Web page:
Heidelberg: RIT Student Design Winner (Includes Student Interview)

Press release from the issuing company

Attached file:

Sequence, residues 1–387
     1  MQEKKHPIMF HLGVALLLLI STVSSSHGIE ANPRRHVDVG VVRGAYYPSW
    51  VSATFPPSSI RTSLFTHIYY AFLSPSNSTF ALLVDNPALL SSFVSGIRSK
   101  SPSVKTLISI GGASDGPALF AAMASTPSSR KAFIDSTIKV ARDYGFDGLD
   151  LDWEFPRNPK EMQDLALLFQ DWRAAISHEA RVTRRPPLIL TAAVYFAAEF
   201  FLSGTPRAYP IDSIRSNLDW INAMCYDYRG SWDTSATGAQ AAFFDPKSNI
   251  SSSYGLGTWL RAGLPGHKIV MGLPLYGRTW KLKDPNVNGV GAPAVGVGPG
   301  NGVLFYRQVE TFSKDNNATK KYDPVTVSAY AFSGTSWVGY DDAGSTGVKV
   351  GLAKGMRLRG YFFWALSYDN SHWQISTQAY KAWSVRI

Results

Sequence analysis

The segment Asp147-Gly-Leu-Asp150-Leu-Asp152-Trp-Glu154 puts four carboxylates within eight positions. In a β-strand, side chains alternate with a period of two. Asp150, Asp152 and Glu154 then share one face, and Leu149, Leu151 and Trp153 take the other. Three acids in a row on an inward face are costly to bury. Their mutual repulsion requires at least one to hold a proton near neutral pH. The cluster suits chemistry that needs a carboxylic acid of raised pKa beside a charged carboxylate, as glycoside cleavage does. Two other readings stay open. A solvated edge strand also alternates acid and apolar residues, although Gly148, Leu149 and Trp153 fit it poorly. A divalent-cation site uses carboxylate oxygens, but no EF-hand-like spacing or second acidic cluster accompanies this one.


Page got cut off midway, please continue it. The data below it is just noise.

KENNESAW, Ga., May 12, 2003 – Heidelberg USA recently named Rochester Institute of Technology senior Dana Busch winner of the student design contest during the school’s dedication of a new Heidelberg Web Press Laboratory and donation of a gapless Sunday 2000 web press system. The contest called for entrants to design a coffee table type piece to be printed entirely on the new web press and centered on the history of the Sunday 2000 project and the RIT/Heidelberg relationship. One contest judge, Ricardo Silva, manager of creative services for Heidelberg USA, said Busch’s design “was very clean and well thought out. Her use and placement of color blocks, pictures and text gave the layout a nice flow. More importantly, the design fit the subject matter.” Heidelberg recently sat down with Busch, a 21-year-old new media design and imaging major from Williamsville, NY, to discuss the inspiration behind her winning design, her future in print media and what she hopes to gain from the trip to drupa 2004 that she wins as a result of the contest. Q: Describe your entry. A: My contest entry is a brightly colored, 16-page, four-color magazine piece. The project timeline incorporates imagery of the Heidelberg Web Press Laboratory construction and Sunday 2000 press installation. It also describes the rationale for the project, including information about RIT's School of Print Media and the Printing Industry Center at RIT. It also acknowledges the other equipment suppliers that donated to the project. Q: What made it unique? A: I knew that the piece had to exemplify Heidelberg's long-term partnership with RIT and its commitment to technology and education. This concept was my most critical consideration in designing the piece. I spent most of my time searching through all of the available resources to find and organize those elements into a format that really gets that idea across. Q: How long did it take to create? A: I developed the design and gathered information in between classes and work for about a week before submitting my entry to the contest. Q: What tools, equipment and resources did you use to complete the project? A: RIT's Printing Applications Lab provided the contest entrants with a Web site that gave us some of the resources to complete the project. The information in the piece is also gathered from RIT press releases and other RIT publications. Most of the photographs used in the piece were also included on the contest Web site. I used Adobe InDesign 2 for page layout, and Adobe Photoshop for editing the images. I did all of the work in RIT's Advanced Publishing Lab, using Macintosh G4 computers. Q: As a result of your win, you get to go to drupa in Germany next year. What do you hope to gain from that experience? A: I've never been to Europe! New experiences are what keep design interesting, and I think it's important to have a global perspective on design and the publishing industry. drupa is definitely the place to be to get that perspective. I'm sure that traveling to Germany will be an experience I'll draw upon for years to come. Q: What are your impressions of Heidelberg? A: I know from going to Print '01 that Heidelberg is the leader of the printing industry (their trade show "booth" itself was beautifully done and they offered us tours so we could learn more about the equipment on display). I had the opportunity to meet with several representatives of Heidelberg at the festivities here at RIT and they were also very friendly! Q: Describe your impression of Heidelberg's commitment to education. A: Through Heidelberg's generosity, students at RIT have had opportunities that we couldn't get anywhere else. They definitely understand that practical applications of what we learn in class are what make for success. Q: What is your professional goal? Do you want to pursue a career in print communications? A: The term "new media" is generally considered to involve only screen-based design, but I think there has always been a need for designers who can apply their skills to any medium, and it's getting even more critical...My education at RIT has been cross-disciplinary in preparation for those kinds of challenges. I'm personally interested in using those skills to educate others. After graduation, I plan to work as a designer specializing in interactive and print design projects for museums and other educational institutions.